“Dangerous Love” by Chad Ford

Ford ventures in where most fear to tread, Dangerous Love. The irony. The beginning of the book reminds me that conflict resolution isn’t as easy as we might hope, working our way through relationships, seeking comprehensive responses from others, we need. But what do others need?

Ford’s rendition of transforming fear and conflict in various levels of existence comes down to a few basic steps that allow us to approach conflict from the perspective of the other person. He shows through examples including his own negotiations and broad stroke of impact on the world stage why predictable patterns of justification can’t work. He performs the ritualistic comprehension of putting the other man first and looking to see how he can “help the other guy first” to find solutions.

CHAD FORD ON TWITTER: twitter.com/chadfordinsider?lang=en

Dangerous Love fulfilled the promise of changing how I see the other guy. This book reminded me that there’s a whole world of advantage available to us when we seek to understand before we seek to be understood. What level of listening should we aspire to when attempting to find a resolution?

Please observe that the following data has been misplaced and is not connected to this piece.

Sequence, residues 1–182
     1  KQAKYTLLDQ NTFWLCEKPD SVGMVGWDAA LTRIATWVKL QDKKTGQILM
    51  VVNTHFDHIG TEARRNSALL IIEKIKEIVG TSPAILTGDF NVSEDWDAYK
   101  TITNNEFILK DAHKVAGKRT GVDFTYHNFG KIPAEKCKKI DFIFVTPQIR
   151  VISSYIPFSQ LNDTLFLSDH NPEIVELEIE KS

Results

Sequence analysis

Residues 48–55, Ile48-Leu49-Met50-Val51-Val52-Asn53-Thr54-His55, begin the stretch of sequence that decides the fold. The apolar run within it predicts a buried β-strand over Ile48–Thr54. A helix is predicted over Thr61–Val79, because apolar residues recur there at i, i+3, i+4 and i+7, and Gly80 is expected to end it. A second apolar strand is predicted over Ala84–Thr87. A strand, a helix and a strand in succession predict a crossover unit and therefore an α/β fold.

When we stop fighting and seek to understand our opponent the danger of conflict resolution disappears and we begin to see opportunity instead.

Ford’s experience as s associate professor of intercultural peace building and director of the David O. McKay Center for Intercultural Understanding at Brigham Young University brings greater insight to his global conflict resolution initiatives. And the whole of it opens a vast window to understanding how an individual person such as myself can have an even greater impact on the outside world, by simply seeking to understand my opponent first. I’m reminded by his words to acknowledge the humanity in those around me and seek first to see that, before confronting them with conflict.

AMAZON: www.amazon.com/Dangerous-Love-Transforming-Conflict-World/dp/1523089776

We’re all here for the same reason – to find the next level of existence. Of that one single thing I’m certain.  Then, by reading, I ran smack into the wall created by being an ally, “Allies help fuel collusion by giving us the exact justification we need to keep them going.”

Ford describes being his best friend’s ally when his wife left him. Then he shifted gears to solve the problem and started to look between the words his friend offered in explanation to see the possibilities of a compassionate perspective, to understand his friend’s wife. Then he asked, “Are you sure you’re seeing the situation clearly?”

By offering a challenge to his friend, he became a mediator rather than an ally offering up better perspective and viewpoints where his friend might be able to look at his wife with the kind of compassion that would allow him to rebuild the marriage and fix what was broken.

From a world perspective, I’d like to send this book to every leader on the world stage. But from a personal perspective I think it could benefit more people if everyone read it to see how they could be more effective at mediating conflict and finding solutions.

by John Davis, posted by Clay Burton